A few years ago, my boss came to work one day carrying a plastic grocery bag full of daylilies she'd divided from her garden. Earlier she'd mentioned a double orange daylily that she needed to thin from her landscape, and I eagerly offered to take some off her hands, sight unseen.
I took the two small clumps in the bag and planted them in a newly turned border along the north side of the house. For the first couple of years, the lilies bloomed lightly while seeming to spread quickly through the bed. I soon had to divide my original clump and transplant it to other parts of the landscape. I already had several large patches of Hemerocallis fulva (Common Orange Daylily) throughout the garden, so I strategically placed these double cultivars in places not already overwhelmed with orange.
This year looks to be the first banner year for the double orange daylilies (which I'm almost certain are Hemerocallis 'Kwanso'). Clumps in the back, north and south borders have all sent up copious stands of thick stems, each topped with multiple flower buds. The first of the buds have opened this week in a beautiful display.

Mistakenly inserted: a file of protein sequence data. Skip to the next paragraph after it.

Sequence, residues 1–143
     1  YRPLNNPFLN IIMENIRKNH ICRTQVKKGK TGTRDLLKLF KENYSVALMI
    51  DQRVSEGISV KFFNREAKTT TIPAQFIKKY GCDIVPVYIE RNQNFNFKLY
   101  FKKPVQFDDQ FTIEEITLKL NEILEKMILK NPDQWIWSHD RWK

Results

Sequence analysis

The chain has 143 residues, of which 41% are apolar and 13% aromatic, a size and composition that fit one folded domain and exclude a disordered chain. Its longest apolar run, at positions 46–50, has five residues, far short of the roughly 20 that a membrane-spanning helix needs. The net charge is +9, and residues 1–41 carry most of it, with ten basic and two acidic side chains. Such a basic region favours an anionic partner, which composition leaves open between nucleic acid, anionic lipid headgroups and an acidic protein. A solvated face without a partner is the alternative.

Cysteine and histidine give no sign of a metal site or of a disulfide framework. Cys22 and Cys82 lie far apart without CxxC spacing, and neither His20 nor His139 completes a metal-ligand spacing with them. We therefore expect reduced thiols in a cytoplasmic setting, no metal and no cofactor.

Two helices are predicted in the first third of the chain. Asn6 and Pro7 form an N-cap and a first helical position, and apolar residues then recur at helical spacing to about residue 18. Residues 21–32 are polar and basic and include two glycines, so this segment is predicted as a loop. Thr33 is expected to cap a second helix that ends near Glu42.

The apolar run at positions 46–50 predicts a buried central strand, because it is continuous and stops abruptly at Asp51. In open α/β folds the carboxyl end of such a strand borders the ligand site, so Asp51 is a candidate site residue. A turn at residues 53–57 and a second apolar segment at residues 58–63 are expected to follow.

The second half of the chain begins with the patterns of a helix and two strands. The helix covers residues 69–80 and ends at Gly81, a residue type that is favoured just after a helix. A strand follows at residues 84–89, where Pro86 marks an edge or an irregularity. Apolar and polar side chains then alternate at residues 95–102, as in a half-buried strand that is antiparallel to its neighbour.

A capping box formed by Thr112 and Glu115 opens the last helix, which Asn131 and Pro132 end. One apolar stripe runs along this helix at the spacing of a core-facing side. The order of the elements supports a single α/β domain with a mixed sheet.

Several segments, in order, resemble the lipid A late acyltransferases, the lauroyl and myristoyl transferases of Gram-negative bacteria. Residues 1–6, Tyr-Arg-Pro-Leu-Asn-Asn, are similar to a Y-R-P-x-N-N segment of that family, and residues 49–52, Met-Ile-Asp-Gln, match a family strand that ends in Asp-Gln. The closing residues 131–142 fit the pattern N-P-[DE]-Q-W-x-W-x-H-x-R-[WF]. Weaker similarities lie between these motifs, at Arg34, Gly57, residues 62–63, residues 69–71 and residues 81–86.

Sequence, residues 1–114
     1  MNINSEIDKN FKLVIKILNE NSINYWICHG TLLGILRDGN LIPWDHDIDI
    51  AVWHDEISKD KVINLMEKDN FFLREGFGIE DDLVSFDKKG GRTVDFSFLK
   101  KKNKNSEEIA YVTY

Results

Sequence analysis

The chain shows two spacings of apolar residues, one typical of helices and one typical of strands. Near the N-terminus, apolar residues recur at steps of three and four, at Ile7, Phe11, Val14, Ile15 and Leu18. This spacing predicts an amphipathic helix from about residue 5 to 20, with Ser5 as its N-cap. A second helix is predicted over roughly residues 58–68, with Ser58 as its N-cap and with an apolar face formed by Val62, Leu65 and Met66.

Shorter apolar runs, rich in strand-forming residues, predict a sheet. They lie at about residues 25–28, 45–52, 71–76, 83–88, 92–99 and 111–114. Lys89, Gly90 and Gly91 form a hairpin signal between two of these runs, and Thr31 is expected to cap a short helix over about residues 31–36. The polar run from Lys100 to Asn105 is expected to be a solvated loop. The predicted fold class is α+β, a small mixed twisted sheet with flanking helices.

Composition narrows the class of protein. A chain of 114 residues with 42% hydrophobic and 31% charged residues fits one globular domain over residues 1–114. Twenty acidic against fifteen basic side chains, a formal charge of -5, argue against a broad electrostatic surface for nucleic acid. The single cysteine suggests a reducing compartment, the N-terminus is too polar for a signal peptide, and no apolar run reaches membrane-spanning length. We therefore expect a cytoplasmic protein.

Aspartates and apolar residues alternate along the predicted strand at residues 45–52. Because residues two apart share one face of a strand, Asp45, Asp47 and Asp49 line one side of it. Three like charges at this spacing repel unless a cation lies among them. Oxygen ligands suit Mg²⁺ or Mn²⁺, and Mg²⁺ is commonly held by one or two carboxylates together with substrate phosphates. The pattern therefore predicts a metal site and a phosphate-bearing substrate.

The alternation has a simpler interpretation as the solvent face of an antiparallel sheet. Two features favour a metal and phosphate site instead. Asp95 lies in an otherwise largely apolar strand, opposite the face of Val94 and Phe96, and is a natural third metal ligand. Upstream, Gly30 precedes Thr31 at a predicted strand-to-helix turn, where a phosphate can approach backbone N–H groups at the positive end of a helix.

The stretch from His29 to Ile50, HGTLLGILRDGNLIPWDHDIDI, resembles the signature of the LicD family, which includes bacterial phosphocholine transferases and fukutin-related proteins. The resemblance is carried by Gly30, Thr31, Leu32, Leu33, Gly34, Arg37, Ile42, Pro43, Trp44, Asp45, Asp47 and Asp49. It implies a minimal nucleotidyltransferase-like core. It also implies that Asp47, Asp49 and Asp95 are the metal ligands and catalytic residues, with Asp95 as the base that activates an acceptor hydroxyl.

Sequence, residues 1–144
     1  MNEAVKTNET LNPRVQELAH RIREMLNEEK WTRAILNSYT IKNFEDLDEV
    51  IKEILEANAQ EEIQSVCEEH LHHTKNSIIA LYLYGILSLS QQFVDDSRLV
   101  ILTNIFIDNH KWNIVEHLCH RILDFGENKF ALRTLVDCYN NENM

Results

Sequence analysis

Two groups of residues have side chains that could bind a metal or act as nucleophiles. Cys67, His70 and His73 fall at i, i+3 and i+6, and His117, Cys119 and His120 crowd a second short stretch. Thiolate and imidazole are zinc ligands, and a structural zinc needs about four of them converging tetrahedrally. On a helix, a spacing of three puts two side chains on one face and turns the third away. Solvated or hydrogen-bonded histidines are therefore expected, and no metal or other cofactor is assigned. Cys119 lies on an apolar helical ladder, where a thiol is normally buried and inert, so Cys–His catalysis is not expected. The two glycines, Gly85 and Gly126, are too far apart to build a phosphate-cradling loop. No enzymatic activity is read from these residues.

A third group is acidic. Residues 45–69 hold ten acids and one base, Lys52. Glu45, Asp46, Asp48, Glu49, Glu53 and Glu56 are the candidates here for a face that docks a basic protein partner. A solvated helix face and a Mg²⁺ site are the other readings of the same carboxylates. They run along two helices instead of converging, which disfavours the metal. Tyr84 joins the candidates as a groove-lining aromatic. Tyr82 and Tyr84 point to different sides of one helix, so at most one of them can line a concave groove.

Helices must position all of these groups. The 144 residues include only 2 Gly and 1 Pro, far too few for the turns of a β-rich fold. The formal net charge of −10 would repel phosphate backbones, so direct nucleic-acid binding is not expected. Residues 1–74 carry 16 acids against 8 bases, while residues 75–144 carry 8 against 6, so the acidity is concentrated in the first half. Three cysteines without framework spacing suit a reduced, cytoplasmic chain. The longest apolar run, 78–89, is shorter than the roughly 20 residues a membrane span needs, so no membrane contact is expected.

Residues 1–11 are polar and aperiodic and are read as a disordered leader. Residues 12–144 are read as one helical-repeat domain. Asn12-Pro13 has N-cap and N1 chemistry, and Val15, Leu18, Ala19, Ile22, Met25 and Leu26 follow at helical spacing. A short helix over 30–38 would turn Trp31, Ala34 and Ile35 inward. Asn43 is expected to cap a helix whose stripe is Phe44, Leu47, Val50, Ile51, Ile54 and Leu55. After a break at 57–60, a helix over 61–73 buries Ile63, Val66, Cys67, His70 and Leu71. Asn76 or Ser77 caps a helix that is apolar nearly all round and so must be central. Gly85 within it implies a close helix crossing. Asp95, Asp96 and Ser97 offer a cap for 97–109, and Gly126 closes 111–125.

Each blossom on 'Kwanso' is slightly different, with unique twists and turns in the petals and sepals. The flower center is a bright, light orange, graduated through a rusty orange to pumpkin-colored ends.
Some flowers appear almost like orange bromeliads with crinkled edges, often with dark colored notches at the end of the petals. The stamens, so pronounced on single daylilies, are virtually invisible inside the patchwork of petals.
Like most daylilies, 'Kwanso' provides a uniquely beautiful profile from almost any angle and simply lights up the garden in the warm light of late afternoon and evening. It performs equally well in sun or part shade, both dry and very damp conditions.
Make no mistake: 'Kwanso' -- like it single species relative H. fulva -- is aggressive. This fall, I will likely need to divide 'Kwanso' again to prevent it from overrunning its companions in the landscape. Perhaps this will be my year to pay it forward and pass a clump of this beautiful daylily onto another gardener.